The rock band has a new brand of heartache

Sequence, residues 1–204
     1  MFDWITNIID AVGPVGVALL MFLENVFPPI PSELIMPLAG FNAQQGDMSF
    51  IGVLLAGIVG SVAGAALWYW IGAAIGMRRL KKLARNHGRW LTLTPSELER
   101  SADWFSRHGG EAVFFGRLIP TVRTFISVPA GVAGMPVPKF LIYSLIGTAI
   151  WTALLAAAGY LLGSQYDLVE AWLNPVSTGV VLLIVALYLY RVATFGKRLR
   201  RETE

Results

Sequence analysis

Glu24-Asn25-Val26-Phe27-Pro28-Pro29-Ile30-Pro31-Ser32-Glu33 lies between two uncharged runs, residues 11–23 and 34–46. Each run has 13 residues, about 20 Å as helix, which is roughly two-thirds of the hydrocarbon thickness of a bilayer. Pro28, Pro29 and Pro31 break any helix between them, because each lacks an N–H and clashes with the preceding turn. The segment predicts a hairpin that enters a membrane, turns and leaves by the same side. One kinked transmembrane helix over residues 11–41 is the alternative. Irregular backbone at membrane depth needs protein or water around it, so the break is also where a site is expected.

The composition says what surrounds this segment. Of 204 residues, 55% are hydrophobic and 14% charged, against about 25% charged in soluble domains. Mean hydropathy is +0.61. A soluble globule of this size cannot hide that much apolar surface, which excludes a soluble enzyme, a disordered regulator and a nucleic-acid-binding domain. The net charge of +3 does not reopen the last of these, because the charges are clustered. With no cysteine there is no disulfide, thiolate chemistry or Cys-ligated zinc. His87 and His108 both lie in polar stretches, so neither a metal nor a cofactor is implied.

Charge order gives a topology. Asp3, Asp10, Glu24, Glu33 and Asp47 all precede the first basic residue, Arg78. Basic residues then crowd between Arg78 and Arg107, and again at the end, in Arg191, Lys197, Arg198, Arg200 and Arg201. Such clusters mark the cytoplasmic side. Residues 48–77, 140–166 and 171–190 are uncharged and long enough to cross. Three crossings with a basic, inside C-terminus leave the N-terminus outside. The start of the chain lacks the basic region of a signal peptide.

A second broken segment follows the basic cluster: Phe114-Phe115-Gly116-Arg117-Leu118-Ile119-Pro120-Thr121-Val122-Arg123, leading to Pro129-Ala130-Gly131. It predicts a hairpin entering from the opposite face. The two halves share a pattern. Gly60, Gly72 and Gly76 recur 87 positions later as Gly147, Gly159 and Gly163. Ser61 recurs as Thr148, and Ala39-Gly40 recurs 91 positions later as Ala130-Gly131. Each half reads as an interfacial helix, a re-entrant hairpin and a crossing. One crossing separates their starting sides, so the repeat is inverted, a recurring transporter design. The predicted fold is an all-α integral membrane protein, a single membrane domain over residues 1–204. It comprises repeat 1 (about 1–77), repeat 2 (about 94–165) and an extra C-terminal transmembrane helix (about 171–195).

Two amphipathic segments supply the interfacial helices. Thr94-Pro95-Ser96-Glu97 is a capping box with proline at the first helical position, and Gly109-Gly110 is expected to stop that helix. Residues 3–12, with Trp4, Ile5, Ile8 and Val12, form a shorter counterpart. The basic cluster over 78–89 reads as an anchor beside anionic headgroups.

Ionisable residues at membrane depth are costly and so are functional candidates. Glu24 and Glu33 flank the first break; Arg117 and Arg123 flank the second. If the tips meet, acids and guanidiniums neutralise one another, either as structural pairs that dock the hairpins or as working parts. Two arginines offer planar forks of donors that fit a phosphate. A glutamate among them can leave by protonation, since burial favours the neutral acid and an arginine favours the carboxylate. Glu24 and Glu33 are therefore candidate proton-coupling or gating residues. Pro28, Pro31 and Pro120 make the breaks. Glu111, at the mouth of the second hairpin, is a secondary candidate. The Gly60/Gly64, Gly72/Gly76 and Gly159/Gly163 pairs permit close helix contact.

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Coldplay became the biggest rock band in the world, just as the very concept began to seem antiquated, by distilling the sound of their ancestors and critically feted contemporaries into hypermelodic, stadium-size anthems. Their sixth studio album, Ghost Stories, finds them once again employing that sonic approach but with different source material. Much of the album sounds like Coldplay’s take on an acclaimed vein of gentle, emotionally vulnerable music that explores the overlapping realms of rock, R&B and electronic sounds: Bon Iver’s warped woodsy hymns, James Blake’s throbbing confessionals, the xx’s muted pillow talk. (There is one outlier, a pounding quasi-EDM collaboration with the popular producer Avicii; it reeks of pandering.) Chris Martin’s signature nimble, soft falsetto pairs well with this new, adjusted direction, though the heightened focus on groove and piano-based melody marginalizes the dependable contributions of lead guitarist Jonny Buckland.